US 5007842 A
An area array connector (10) employs a flexible interconnect member (30) having electrical circuitry including contact pads (32) which are forced into electrical contact with conductive pads (42) and (52) on a pair of stacked substrates (40) and (50) by means of a canted coil spring (24) that is held in a force application plate (20).
1. A flexible area array connector for electrically connecting circuit pads on a pair of spaced substrates, said connector comprising:
a force application plate having a slot therethrough;
a spring member secured within said slot so as to extend beyond both surfaces of said plate;
a flexible interconnect member having conductive pads on a surface thereof;
said flexible member being folded around said force plate so that said conductive pads overlie said spring member on both surfaces of said plate; and
said flexible member and said force plate being disposed between substrates so that said conductive pads face circuit pads on the substrates.
2. The connector of claim 1 wherein said force application plate has insulative surfaces, and said flexible member is of insulative material.
3. The connector of claim 1 wherein said force application plate is laminated and the portion of said slot in each lamina is dimensioned to capture said spring when the lamination is completed.
4. The connector of claim 1 wherein said spring member is a canted coil spring having its long axis lying substantially along the long axis of said slot.
5. The connector of claim 1 wherein said conductive pads on said flexible member are interconnected by circuitry carried by said flexible member.
This invention relates to area array connectors, more particularly to a stacked area array connector having a flexible interconnect member.
Electrical connectors of the so-called stacking type are employed in the art to interconnect a pair of substrates having exposed circuit pads. Common among several prior art stacking connectors is the use of coil springs in a force application plate to urge circuit pads into electrical contact, either by direct contact or through intermediary members. For example, Kotaka disclosed in U.S. Pat. No. 3,795,884 the use of an insulating block having coil springs embedded therein so as to extend outwardly from opposed surfaces of the block to engage conductors on parallel printed circuit boards. Later, Balsells in U.S. Pat. No. 4,655,462 taught the use of a coil spring wherein each coil is canted at an acute angle with the centerline of the spring so as to exert a constant force in a loading direction normal to the centerline over a substantial range of deflection.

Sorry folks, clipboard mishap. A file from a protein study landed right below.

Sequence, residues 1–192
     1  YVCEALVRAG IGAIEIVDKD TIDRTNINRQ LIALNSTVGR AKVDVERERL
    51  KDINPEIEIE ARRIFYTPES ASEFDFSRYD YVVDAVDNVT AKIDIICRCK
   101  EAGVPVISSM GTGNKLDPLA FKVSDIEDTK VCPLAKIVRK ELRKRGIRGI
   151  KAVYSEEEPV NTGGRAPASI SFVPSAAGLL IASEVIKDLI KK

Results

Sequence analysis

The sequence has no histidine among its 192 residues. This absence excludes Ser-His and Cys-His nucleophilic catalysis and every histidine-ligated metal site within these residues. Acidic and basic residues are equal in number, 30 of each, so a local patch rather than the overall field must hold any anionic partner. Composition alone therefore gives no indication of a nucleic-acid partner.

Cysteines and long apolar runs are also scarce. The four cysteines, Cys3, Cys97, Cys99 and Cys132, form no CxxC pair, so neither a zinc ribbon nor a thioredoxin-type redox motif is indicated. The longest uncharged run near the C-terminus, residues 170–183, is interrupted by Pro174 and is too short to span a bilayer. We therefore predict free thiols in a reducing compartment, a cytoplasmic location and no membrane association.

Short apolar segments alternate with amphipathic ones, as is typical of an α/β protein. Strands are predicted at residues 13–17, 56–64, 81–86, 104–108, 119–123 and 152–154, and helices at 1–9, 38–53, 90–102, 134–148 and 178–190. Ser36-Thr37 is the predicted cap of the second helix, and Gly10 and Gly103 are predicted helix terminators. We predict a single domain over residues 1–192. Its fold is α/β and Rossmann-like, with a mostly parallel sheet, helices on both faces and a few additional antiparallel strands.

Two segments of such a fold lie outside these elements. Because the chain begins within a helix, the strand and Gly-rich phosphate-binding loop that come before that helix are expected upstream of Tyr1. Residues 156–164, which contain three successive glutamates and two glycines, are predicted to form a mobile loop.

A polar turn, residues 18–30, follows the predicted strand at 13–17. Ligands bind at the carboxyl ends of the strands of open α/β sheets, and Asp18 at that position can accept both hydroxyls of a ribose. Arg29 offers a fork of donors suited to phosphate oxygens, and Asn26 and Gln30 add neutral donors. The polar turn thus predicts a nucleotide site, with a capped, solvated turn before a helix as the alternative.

In accordance with this invention, an area array connector employs a flexible interconnect member having electrical circuitry including contact pads which are forced into electrical contact with pads on a pair of stacked substrates by means of a canted coil spring that is held in a force application plate.
FIG. 1 is a perspective view of an area array connector of this invention with the member parts thereof shown in spaced relationship; and
FIG. 2 is a sectional view of the member parts of FIG. 1 in stacked arrangement.
FIGS. 1 and 2 show a stacked area array connector 10 having a force application plate 20 engaged with a flexible interconnect member 30 and located between substrates 40 and 50.
Force application plate 20 has insulative exposed surfaces; either by virtue of plate 20 being of dielectric material or by plate 20 being of conductive material having an overcoat of an insulator such as polytetrafluoroethylene.